Chile Military

Chile 1997

Chile is a country located in South America. According to AbbreviationFinder, CL is the two-letter ISO code of Chile, and CHL is the three-letter country abbreviation for Chile.

Yearbook 1997

Chile. According to Countryaah, the national day of Chile is September 18. Chile’s students protested during the summer against the allocation of financial resources to the universities. The protests in the city of Valparaíso were particularly violent.

Chile Military

During the year, a Spanish court opened an investigation into Augusto Pinochet during his time as dictator (1973–90), contributing to the death of 3,000 people, which he was accused by Joan Garces, legal adviser to President Salvador Allende (1970-73). The US government responded positively to a request from a Spanish judge to get evidence that Pinochet had committed a crime against humanity. The US Federal Police was tasked with collecting documents. Chile’s foreign minister said the government would reject all allegations made by the Spanish court. During the year it became clear that in 1998 Ricardo Izurieta will succeed Augusto Pinochet as Chile’s army commander. In December, the Chileans went to election to appoint a new parliament. It was the third election since democratic rule was reintroduced in the country in 1990. The election was a victory for the government coalition Concertación, which received just over 50% of the vote. In second place came the country’s right-wing parties, which received 36% of the vote. Augusto Pinochet was given a lifetime seat in the country’s Senate, a privilege he himself signed into the Constitution before he left power in 1990.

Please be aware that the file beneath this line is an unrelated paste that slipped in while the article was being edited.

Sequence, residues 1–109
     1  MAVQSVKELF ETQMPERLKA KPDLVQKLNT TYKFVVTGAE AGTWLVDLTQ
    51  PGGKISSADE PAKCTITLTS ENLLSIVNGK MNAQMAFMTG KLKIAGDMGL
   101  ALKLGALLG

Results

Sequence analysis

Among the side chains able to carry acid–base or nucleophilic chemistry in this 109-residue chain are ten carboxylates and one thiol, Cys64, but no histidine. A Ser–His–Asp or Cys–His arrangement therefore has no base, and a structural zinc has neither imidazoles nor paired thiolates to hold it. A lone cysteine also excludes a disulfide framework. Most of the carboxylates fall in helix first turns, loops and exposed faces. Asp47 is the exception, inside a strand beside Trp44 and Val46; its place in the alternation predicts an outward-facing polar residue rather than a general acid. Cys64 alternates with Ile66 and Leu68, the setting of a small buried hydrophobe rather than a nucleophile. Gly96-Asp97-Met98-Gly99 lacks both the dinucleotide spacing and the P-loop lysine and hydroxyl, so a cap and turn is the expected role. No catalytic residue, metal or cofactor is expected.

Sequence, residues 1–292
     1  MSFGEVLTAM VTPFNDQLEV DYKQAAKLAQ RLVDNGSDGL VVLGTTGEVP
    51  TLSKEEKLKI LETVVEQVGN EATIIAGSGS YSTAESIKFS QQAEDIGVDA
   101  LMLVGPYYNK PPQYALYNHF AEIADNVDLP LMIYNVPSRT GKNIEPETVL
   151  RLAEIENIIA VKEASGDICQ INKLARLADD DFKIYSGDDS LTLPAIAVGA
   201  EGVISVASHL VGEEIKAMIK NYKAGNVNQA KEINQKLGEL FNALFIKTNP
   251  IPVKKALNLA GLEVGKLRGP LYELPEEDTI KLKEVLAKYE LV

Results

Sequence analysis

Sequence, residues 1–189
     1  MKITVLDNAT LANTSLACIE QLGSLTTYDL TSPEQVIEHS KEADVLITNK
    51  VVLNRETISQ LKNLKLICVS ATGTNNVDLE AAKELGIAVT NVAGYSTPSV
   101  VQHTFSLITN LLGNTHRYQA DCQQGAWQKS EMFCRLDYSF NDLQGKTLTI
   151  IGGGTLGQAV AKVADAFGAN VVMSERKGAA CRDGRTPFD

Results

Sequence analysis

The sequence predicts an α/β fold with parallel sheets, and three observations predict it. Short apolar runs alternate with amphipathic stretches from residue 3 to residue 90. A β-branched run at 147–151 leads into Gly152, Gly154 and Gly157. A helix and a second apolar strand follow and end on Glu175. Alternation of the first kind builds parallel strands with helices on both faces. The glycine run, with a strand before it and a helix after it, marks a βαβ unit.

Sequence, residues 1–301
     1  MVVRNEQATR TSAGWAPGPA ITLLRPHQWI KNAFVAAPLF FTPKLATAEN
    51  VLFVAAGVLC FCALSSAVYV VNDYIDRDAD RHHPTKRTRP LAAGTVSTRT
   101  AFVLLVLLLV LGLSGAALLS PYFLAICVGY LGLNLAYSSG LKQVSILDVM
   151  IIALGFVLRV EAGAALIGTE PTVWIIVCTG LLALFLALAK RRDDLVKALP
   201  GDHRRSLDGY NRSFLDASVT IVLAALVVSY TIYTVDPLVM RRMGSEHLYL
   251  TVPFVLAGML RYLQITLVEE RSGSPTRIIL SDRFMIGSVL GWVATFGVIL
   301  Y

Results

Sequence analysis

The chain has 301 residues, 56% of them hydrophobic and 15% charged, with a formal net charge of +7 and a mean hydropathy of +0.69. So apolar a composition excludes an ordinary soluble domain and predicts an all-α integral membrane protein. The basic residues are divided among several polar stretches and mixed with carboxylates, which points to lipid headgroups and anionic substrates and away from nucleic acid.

1973 Military coup

The Chilean road to socialism was drowned in blood on September 11, 1973. General Augusto Pinochet was at the head of the coup. The presidential palace, La Moneda was bombed and Allende committed suicide. Democracy was abolished, all political parties to the left of the center banned, the CUT disbanded, well over 100,000 people arrested for less or less during the first year of junta rule, thousands killed and hundreds more thousands had to leave the country.

It was a myth that the army had never intervened in politics before 1973. The reason for the development of a stable civil state power was the absence of deep conflicts within the various parts of Chilean citizenship in most of the country’s recent history. When internal conflicts have threatened to shake the system, the Chilean military has intervened. It interfered with President Balmaceda’s attempt to threaten the ruling alliance between citizenship and British imperialism in 1890. It went into action in the 1920’s when the parliamentary system was about to collapse. The conflict then stood between a conservative Congress that refused to approve a comprehensive reform program and the radical bourgeois alliance that had emerged in the presidential elections. From 1924 to 1932, a number of coups took place from different wings of the military.

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After this period, the military did not intervene against any elected government. Not even against the People’s Front government in the late 30’s. As a result, a strong ideology – including within the armed forces – was developed about loyalty to elected governments. It is characteristic that René Schneider, the commander of the armed forces in 1970, repeatedly stated this and was the main obstacle to the CIA’s coup plans after the election of Allende. Schneider was cleared of the way as was the penultimate representative of this ideology, Commander-in-Chief Carlos Prats. He was pressed out in August 1973 for the coup to be carried out with a united army. The ideology of loyalty was not representative of the class forces represented in the officer corps, nor did it correspond to the role of bloody butcher played by the army since the end of the last century: In 1925, over 3,000 workers were shot in La Coruna, in In 1957, the army massacred demonstrator workers in Santiago and in 1966 troops were deployed against striking miners in El Salvador – just to name a few examples from different decades.

The military coup in 1973, was completely in line with the massacre tradition – but now at the state level – because the labor movement threatened citizenship nationwide. Before the class conflict reached that level, the army’s non-participation in politics served the interests of the Chilean citizenship. It did not need an army for the implementation of palace revolutions, but for counter-revolution.